Someday soon, all of this might be underwater. Recent studies say the risk of NYC flooding is already here, but that concerns have been dismissed due to outdated flood maps and estimates made based on past weather patterns. Parts of the subway were underwater on July 12th after two inches of rain, and as of 2018, at least 13 million gallons of water have been pumped out of the subway system everyday, including during dry spells.
There are plans to build a $119 billion six mile long sea wall to protect lower Manhattan, but aside from the obvious problem (what about the rest of the city?), it’s doubtful a seawall would work, as water is not just coming in from the Upper Bay containing the Statue of Liberty, but from the Hudson River and East River, which is fed by the Long Island Sound. It’s like being flanked on all sides and only protecting one, and the city has 520 miles of coastline, so even if a seawall were feasible, a mere six miles would not be adequate.
I’ve seen estimates ranging from 2024 — which is already frighteningly close — to 2050, but again, the threat is already here. Most of the subway system is over 100 hundreds old, and some of it runs under the rivers. The water and gas lines are also old, and in a constant state of repair.
The Catskill and Delaware Aqueducts provide 90% of NYC’s drinking water, and the Catskill Aqueduct has lost an estimated 40 million gallons of transmission capacity over time due to the accumulation of biofilm, while the Delaware Aqueduct leaks up to 36 million gallons of water a day. This water accumulates in the surrounding land, disrupting ecosystems and increasing the risk of flooding down the line, and the leaks in the subway further compromise a system that is already straining to keep water out.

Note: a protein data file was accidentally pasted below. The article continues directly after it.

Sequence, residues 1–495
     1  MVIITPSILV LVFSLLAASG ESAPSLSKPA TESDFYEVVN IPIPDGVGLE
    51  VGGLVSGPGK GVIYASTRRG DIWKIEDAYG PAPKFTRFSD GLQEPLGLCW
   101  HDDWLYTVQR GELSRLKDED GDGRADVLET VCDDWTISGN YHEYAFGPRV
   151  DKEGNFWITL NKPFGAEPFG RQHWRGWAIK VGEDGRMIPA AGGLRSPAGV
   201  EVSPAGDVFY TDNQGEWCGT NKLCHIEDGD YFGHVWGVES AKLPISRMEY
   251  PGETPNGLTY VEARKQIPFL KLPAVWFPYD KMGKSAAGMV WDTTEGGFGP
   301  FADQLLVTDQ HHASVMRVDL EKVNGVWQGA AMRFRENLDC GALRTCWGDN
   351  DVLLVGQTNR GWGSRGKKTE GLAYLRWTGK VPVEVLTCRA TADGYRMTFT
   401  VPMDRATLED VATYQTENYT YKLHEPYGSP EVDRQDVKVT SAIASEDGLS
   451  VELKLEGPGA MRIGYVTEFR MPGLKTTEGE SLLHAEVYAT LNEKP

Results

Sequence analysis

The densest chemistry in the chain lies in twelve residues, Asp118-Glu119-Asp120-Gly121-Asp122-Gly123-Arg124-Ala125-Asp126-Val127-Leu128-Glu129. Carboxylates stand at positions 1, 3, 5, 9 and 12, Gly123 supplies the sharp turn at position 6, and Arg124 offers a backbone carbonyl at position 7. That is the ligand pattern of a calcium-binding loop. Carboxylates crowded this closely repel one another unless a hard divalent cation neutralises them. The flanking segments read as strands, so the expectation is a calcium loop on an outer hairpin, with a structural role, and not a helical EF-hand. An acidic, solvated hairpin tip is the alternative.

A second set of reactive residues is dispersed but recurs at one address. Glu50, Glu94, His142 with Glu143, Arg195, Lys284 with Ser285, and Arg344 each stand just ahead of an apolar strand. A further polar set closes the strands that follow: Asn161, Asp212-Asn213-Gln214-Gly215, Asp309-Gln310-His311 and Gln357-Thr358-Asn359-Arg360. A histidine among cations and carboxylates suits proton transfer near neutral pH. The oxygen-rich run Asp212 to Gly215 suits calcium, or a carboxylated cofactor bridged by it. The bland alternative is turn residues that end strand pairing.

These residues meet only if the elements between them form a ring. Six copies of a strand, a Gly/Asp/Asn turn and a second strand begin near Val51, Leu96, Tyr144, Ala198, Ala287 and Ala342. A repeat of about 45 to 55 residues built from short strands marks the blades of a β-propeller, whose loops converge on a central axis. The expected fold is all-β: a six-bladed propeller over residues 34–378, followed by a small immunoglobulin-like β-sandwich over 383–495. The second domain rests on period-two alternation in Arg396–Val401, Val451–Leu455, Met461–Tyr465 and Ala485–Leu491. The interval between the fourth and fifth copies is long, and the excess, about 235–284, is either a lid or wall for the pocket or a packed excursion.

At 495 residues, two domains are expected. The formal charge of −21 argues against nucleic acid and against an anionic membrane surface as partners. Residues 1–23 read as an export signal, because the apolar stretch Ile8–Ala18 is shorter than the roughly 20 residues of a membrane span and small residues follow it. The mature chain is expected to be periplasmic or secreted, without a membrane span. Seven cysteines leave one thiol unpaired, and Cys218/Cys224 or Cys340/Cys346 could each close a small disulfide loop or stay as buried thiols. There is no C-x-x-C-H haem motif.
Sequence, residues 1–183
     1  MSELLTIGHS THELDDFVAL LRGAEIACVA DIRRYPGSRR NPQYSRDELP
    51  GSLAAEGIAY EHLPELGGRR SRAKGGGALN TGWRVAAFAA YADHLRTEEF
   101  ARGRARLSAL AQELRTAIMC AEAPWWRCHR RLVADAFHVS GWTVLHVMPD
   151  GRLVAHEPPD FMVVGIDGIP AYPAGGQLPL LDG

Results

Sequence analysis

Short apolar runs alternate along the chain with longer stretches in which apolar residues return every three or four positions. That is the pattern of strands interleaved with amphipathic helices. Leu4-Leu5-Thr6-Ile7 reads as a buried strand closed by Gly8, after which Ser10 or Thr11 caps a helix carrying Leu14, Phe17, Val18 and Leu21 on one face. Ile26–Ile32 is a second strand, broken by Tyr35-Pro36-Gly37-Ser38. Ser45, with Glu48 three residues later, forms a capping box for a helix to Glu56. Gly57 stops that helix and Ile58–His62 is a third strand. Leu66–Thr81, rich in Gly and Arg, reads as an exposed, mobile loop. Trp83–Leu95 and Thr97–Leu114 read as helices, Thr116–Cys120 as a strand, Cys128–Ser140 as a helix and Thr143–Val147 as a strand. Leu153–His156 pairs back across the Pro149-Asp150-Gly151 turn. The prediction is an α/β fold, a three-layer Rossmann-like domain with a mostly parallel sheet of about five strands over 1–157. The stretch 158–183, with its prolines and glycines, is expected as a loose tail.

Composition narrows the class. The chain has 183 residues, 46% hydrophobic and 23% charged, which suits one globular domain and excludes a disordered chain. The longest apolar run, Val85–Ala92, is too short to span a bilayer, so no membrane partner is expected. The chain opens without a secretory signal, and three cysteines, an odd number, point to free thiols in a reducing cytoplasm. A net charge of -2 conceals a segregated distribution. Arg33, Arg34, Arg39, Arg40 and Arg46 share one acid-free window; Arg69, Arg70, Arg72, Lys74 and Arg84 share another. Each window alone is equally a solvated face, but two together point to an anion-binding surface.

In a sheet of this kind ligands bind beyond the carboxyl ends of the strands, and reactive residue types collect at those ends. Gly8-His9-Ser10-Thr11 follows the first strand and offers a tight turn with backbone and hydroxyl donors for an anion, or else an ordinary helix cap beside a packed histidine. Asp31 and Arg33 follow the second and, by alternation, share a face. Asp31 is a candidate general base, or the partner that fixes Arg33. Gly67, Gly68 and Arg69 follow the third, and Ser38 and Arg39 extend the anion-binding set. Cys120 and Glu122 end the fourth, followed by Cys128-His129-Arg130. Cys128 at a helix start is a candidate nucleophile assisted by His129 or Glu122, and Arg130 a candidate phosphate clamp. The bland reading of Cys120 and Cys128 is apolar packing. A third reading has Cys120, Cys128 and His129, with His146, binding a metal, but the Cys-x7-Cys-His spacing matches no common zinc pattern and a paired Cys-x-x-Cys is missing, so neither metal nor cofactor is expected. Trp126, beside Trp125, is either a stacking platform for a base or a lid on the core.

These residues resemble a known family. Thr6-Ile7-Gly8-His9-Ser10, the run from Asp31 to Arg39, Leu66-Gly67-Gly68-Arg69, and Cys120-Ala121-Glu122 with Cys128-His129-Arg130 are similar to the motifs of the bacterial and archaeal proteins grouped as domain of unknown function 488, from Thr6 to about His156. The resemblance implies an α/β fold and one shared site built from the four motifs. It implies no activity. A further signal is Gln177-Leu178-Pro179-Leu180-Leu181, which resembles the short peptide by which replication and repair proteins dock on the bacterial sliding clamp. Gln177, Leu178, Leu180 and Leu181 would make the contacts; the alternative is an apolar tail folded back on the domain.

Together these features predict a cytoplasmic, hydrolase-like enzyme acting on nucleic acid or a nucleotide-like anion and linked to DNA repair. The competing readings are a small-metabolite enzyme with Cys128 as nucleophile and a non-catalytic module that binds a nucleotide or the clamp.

Those of us who don’t deny anthropogenic climate change have seen this coming, but almost none of us thought it would happen so soon. Most research conceded the possibility of a runaway effect, where as the heat increased, more ice would melt and release methane into the atmosphere, further raising the heat and perpetuating the cycle, but the bulk of these papers stated this was only a possibility and unlikely to occur for at least a few decades, but even these milquetoast predictions were attacked as alarmist.
Suddenly millions in NY and Miami and elsewhere are being forced to reevaluate their entire lives. Is there any point in staying at my job and paying off my mortgage, or having kids and planning for the future? Do I want to birth a child into a potential apocalypse?
Perhaps more disturbingly, tens of millions are still in denial.
The only feasible solution is nuclear power, and it’s the cheapest, safest, and greenest by far, but many still view it threw the lens of the 1960s. Any concerns you have about nuclear power have almost definitely already been addressed. We’ve even learned how to recycle the waste to generate more power, but nuclear just doesn’t fit into most progressives’ picture of an ideal future. The irony is that without it, we may not have any future at all.
We all have a tough decision to make. We can either build ineffective $100 billion seawalls as the world continues to burn; mine, manufacture, and repair batteries, inverters, panels, and turbines in perpetuity; or face our irrational fears and accept nuclear power. It’s the only source of power that can meet our energy needs, and one that can make scrubbing the atmosphere of CO2 actually tenable.
Most of us have lived through enough of history, but don’t want to see the end of it, or dip past a point where much of what we’ve accomplished will be lost irretrievably. We have to abandon our denial or ideals and embrace reason immediately. Honestly, the time was 40 years ago, and it might already be too late, but if we still have a chance we have to take it now, for the sake of the planet and for the sake of ourselves.
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